Fusion Architeture’s Garden City Park

Ghana born Kobina Banning (he was cited by the Phoenix New Times as 100 of the most cultural influential people in Phoenix) is founder and lead of Fusion Architecture (FA), an architectural group based in Phoenix.

The Fusion Architecture team has come by Arcosanti several times to look at the place and engage in discussions with some of the staff. Their work is diverse and experimental yet they hope to have a pragmatic impact. Most recently they were featured in a article by the Phoenix New Times regarding their submission to The Netherlands’ Afrika Museum and African Architecture Matters which made the finals of the “Blueprints of Paradise”, competition.

While FA was at Arcosanti, we had a chance to discuss their vision on the future of urban Africa. As their research notes, the challenges are many and includes effectively managing the rapid rise in people living in Ghana as a whole as well as urban areas. Their perspective on this is a human scale, oriented densification process that includes taller buildings, but interspersing that verticalization with more open space and community aspects. A key component to this is helping develop thriving marketplaces for local commerce.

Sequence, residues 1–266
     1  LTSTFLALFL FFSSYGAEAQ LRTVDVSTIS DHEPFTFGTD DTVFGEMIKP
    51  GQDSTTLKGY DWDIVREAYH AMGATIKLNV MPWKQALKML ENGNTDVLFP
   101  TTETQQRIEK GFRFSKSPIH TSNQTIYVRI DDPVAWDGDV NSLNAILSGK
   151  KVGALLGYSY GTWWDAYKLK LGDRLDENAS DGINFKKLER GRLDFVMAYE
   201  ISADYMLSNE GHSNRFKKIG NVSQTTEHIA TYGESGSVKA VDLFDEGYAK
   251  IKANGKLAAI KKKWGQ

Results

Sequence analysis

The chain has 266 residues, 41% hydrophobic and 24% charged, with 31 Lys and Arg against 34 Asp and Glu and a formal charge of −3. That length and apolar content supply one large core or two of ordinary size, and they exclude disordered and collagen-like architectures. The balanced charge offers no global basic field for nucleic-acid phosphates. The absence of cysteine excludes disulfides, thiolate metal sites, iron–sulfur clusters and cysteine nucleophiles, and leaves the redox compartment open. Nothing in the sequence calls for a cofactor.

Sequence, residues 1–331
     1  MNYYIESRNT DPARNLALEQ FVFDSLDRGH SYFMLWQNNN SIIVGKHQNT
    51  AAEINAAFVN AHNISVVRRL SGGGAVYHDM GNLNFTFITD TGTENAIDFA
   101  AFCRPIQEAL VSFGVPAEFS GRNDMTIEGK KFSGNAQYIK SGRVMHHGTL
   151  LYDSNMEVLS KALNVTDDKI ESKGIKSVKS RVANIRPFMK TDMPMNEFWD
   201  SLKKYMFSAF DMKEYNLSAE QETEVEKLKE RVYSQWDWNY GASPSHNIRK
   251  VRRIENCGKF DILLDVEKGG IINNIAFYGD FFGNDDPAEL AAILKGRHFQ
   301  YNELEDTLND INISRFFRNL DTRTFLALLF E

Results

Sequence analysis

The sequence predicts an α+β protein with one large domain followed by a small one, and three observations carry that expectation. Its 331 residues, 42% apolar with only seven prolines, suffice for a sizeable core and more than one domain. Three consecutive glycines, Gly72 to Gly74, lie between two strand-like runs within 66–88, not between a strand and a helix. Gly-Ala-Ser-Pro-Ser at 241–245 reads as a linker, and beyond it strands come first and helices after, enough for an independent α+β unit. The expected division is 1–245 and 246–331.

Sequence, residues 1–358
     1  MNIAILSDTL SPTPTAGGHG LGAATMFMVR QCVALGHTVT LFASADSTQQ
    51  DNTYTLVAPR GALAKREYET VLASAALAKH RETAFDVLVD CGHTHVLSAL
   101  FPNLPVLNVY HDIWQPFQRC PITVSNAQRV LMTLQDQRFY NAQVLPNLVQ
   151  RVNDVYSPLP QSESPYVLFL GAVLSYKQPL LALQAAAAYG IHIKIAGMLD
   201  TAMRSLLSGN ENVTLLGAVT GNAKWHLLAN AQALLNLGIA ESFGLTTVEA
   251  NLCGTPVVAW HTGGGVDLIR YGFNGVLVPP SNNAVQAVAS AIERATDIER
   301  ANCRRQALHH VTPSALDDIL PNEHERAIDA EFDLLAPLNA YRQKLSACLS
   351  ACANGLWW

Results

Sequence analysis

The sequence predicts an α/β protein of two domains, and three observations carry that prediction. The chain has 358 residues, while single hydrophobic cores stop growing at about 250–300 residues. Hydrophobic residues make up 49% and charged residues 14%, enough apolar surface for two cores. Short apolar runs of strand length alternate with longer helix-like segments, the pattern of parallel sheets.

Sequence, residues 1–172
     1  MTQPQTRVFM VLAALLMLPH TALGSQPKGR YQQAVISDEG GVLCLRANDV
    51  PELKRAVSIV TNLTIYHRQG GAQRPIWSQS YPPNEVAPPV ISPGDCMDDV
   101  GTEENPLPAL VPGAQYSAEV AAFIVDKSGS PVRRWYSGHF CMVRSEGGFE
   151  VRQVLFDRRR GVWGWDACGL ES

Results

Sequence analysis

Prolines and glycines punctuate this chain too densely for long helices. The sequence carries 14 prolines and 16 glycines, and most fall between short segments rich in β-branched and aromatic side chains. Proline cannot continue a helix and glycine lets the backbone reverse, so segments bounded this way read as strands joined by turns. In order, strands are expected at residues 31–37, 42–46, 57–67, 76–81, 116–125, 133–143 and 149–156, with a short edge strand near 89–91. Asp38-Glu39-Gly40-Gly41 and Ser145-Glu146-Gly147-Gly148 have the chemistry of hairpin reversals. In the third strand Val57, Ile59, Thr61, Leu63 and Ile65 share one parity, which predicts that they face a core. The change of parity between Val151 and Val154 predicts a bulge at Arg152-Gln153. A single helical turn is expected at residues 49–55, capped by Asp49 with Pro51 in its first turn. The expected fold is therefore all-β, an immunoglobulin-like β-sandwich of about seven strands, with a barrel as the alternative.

Garden City Park is plan for a 1.7-mile-long, 19-square-acre Linear Park. It is to be located in Banning’s native Kumasi, Ghana, West Africa and “incorporates the area’s Ashanti-established traditions while taking into account the modern hustle and bustle of Ghana’s second-largest city.”

The proposed site, located at an abandoned spot next to a disused railway station, lies adjacent to the Kumasi Central Market, an area that’s so mammoth in size and all-encompassing in products that locals have joked that you can even find human body parts for sale (which is a definitely an urban myth, though niche items, such as vulture heads, are available for purchase). The park would act as a welcome reprieve to the urban chaos of the Central Market.

The forward-thinking design of Garden City Park is bold yet realistic, and also considers overall sustainability while incorporating solar-powered applications in the perpetually warm region. The design includes a public transportation system, an art gallery, a community football (aka soccer) field, and a “Living Kiosk” project that modernizes the street vendors’ shed-like spaces that populate nearly every roadside in Ghana. (FA’s “Living Kiosk” was also submitted to the Afrika Museum competition; it received an honorable mention designation.)

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